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Health Information For Parents
Epilepsy is a disease in which the brain’s electro-chemical signals misfire. This temporarily disrupts communications among nerve cells, leading to seizures. Seizures can vary in severity, frequency, duration, and appearance.
Seizures can be scary — students may lose consciousness, jerk or thrash violently, or appear to have difficulty breathing. Seizures may leave students temporarily confused or unaware of their surroundings. Some seizures are so brief and minor that only careful observation can detect them — a student may simply blink or stare into space for a moment before resuming normal activity.
Most kids and teens with epilepsy can be successfully treated with medication. Certain things can sometimes trigger seizures in people with epilepsy, including:
Students with epilepsy may:
Most students with epilepsy can participate in school sports, phys-ed, and other activities, with appropriate supervision and precautions.
Make sure your students with epilepsy have 504 education plans and be prepared to respond in the event of an emergency in accordance with the plan.
Most seizures are not life threatening, but if one lasts longer than 5 minutes or your student seems to have trouble breathing, call 911 immediately.
After seizures that last more than 30 seconds, most kids and teens are exhausted, disoriented, confused, or even combative and agitated for minutes to hours. Your student may need to go to the school nurse to lie down or go home for the day. You can help by providing extra time to make up any missed class work or assignments, and offering emotional support.
You might hear a seizure called a convulsion, fit, or spell.
It comes from a Greek word meaning “to hold or seize,” and seizures are what happen to people with epilepsy. Learn more about epilepsy in this article written just for kids.
Seizures are a common symptom of epilepsy, a condition that affects millions of people worldwide. Learn all about epilepsy, including what to do if you see someone having a seizure.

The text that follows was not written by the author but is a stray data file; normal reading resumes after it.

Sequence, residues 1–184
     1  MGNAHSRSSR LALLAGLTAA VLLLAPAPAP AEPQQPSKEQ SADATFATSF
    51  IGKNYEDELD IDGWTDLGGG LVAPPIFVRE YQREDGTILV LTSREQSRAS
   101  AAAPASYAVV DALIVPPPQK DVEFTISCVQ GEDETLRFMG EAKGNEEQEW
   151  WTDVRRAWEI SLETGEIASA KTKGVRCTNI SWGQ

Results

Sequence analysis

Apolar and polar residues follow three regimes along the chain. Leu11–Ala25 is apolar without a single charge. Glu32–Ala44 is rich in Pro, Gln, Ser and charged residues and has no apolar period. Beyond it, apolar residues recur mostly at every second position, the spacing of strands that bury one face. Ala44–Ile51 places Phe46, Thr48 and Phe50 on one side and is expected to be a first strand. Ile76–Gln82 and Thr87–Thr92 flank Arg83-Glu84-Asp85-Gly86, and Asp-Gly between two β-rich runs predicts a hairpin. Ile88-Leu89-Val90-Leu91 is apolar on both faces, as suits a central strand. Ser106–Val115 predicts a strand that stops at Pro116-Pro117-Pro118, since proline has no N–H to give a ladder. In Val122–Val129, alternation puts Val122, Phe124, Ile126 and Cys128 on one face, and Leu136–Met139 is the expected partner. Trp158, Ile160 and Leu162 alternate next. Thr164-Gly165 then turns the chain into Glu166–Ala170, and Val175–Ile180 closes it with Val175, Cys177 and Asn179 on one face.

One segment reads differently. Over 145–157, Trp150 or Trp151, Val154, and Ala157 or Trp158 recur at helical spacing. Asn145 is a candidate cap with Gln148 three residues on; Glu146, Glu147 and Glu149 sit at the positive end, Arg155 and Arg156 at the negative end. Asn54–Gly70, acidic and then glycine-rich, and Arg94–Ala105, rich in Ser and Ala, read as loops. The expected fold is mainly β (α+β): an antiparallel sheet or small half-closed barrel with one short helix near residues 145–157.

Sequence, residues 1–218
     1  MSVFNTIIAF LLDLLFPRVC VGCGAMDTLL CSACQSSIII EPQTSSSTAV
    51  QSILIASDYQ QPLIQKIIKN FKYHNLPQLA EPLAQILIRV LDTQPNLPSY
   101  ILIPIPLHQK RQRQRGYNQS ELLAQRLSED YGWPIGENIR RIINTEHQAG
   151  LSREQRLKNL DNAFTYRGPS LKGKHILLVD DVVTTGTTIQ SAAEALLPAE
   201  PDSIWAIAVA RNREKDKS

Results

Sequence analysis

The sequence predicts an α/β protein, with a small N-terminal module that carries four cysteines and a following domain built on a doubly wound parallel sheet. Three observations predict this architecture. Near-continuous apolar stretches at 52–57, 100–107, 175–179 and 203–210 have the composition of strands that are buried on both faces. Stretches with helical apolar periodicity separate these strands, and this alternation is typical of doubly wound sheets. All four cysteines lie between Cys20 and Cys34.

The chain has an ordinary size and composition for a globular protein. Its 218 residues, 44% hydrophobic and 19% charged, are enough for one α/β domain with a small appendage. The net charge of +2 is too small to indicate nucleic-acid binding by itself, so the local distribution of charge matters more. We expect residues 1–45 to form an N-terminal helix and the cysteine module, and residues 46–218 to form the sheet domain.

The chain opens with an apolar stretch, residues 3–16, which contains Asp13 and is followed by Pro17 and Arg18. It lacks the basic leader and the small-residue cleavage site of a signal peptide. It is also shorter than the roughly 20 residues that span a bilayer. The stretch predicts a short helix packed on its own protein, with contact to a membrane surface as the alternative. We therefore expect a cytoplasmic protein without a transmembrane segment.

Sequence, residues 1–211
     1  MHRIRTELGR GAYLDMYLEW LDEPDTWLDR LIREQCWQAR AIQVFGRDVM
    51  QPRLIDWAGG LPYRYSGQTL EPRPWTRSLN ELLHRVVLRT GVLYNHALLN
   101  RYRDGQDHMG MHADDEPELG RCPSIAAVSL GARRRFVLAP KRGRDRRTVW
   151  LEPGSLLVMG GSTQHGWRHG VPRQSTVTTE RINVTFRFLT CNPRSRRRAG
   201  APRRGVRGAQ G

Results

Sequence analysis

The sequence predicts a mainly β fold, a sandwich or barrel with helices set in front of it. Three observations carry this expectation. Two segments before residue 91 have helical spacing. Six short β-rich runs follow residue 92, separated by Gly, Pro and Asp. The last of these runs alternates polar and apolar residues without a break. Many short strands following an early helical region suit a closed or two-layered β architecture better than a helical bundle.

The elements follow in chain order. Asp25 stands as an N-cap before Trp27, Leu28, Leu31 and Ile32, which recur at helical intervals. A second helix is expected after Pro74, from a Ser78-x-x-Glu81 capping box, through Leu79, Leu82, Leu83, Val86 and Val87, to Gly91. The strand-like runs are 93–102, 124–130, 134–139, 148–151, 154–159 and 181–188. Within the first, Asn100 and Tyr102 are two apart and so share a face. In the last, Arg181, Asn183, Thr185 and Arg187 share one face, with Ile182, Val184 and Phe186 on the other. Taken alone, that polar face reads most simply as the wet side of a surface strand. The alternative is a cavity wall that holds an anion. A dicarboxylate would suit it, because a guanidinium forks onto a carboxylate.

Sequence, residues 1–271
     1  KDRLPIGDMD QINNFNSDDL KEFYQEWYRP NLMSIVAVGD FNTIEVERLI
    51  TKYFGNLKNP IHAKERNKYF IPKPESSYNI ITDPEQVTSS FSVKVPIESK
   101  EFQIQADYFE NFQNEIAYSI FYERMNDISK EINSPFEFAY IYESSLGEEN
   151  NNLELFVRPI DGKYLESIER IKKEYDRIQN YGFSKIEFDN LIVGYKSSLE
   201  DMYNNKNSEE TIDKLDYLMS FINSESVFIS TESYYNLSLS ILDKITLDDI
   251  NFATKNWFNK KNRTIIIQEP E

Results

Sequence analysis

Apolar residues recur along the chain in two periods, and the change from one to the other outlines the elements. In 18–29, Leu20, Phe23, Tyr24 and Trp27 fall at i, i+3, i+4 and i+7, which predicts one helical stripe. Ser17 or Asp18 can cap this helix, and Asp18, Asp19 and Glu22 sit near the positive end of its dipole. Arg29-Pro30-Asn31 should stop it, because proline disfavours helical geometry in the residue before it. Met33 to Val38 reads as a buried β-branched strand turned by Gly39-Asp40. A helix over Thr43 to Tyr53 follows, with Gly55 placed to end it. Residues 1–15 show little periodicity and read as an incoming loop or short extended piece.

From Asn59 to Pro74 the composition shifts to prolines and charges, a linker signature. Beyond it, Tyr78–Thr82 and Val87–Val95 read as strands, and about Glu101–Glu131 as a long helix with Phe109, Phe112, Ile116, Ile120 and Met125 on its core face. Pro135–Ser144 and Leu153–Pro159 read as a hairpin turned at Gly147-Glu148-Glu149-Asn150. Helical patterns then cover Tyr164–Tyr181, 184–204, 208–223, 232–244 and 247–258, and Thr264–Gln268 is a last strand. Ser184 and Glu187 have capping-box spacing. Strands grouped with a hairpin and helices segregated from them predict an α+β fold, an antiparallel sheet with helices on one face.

Epilepsy causes electrical signals in the brain to misfire, which can lead to multiple seizures. Anyone can get epilepsy at any age, but mostÂ new diagnoses are in kids.
Seizures are caused by a sudden surge of electrical activity in the brain. Find out what you need to know about seizures and what to do if your child has one.
Although seizures can be frightening, usually they last only a few minutes, stop on their own, and are almost never life-threatening.
Seizures can be frightening, but most last only a few minutes and stop on their own.
See: Seizure, Petit Mal.
A tonic-clonic seizure (also called a grand mal seizure) is a sudden attack that brings on intense muscle spasms and loss of consciousness. It is caused by abnormal brain activity and affects the entire body.
An absence seizure (also called a petit mal seizure) is type of epileptic seizure that causes a person to briefly lose consciousness and stare ahead without moving, appearing “absent.”
See: Seizure, Tonic-Clonic.
If your child has special needs in the classroom, he or she may be eligible for a government-supported learning plan.
Note: All information is for educational purposes only. For specific medical advice, diagnoses, and treatment, consult your doctor.
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